AstraZeneca has regained global rights to brazikumab (previously MEDI2070) from Allergan, following the termination of a prior licensing deal between the companies.

Brazikumab is a monoclonal antibody designed to attach to the IL23 receptor and is being developed to treat Crohn’s disease (CD) and ulcerative colitis (UC). The drug acts by selectively inhibiting the IL23 immune signal, in turn preventing intestinal inflammation.

The Phase IIb/III INTREPID programme is currently assessing brazikumab, compared to placebo or adalimumab, in CD. Meanwhile, the Phase II EXPEDITION clinical trial is comparing the drug to placebo or vedolizumab in UC patients.

Under the agreement, Allergan agreed to fund up to a certain amount, estimated to be the costs that AstraZeneca might incur until completion of the development in CD and UC indications, including the development of a companion diagnostic.

If the drug is approved and launched, AstraZeneca will pay sales royalty to Amgen as per a 2012 deal between the companies to jointly develop and commercialise clinical-stage inflammation drug candidates, including brazikumab.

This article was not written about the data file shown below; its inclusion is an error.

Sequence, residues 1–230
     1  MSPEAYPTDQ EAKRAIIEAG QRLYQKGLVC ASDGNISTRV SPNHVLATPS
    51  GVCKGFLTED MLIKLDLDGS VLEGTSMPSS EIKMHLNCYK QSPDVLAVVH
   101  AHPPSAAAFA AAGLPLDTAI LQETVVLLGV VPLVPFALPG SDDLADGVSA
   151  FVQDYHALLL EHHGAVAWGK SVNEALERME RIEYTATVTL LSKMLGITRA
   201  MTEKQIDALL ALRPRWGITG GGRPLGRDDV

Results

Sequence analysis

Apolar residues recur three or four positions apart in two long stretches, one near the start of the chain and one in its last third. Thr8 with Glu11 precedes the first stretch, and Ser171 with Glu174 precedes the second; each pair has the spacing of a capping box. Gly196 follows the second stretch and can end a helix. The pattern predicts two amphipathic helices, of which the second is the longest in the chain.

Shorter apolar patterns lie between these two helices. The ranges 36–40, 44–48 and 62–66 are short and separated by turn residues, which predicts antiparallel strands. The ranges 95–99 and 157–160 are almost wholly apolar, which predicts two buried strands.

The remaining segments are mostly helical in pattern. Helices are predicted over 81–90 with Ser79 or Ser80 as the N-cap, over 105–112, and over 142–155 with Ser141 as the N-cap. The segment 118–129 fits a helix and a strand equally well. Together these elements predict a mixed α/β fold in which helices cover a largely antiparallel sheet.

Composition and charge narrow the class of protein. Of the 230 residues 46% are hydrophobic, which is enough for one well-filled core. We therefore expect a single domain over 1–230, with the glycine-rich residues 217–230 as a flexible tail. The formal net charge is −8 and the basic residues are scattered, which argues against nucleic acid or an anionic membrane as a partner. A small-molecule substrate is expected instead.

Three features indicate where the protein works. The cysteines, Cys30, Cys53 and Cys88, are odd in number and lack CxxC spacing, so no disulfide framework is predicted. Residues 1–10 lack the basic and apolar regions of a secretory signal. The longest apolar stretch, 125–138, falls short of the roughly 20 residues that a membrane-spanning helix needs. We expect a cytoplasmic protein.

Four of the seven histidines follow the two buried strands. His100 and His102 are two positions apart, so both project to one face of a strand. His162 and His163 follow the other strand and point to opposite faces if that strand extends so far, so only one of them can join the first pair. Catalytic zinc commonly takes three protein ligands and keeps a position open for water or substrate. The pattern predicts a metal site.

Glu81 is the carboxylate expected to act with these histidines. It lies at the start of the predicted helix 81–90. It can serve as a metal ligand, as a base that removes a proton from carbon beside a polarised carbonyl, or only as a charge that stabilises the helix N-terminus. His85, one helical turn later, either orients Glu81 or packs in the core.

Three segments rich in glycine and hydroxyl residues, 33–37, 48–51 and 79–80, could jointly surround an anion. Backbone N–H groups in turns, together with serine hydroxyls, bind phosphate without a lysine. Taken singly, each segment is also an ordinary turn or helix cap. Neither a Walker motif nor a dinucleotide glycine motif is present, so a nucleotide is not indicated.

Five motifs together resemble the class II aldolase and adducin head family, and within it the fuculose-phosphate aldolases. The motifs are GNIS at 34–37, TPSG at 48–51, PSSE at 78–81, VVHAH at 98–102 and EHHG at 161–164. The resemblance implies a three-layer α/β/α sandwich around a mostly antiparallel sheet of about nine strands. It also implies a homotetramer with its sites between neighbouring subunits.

As well as this royalty, AstraZeneca will hold complete rights and benefits associated with the drug without any other payments due to Amgen or Allergan.

In January, Allergan and AbbVie signed a definitive agreement to sell brazikumab to AstraZeneca. The move is part of the regulatory approval process for the acquisition of Allergan by AbbVie.

The completion of regaining brazikumab rights by AstraZeneca comes after AbbVie completed the acquisition after securing all relevant regulatory approvals and authorisation by the Irish High Court.

AbbVie expects the acquisition to boost its existing AbbVie growth platform (ex-Humira) to around $30bn in revenues in full-year 2020, with combined revenues of nearly $50bn.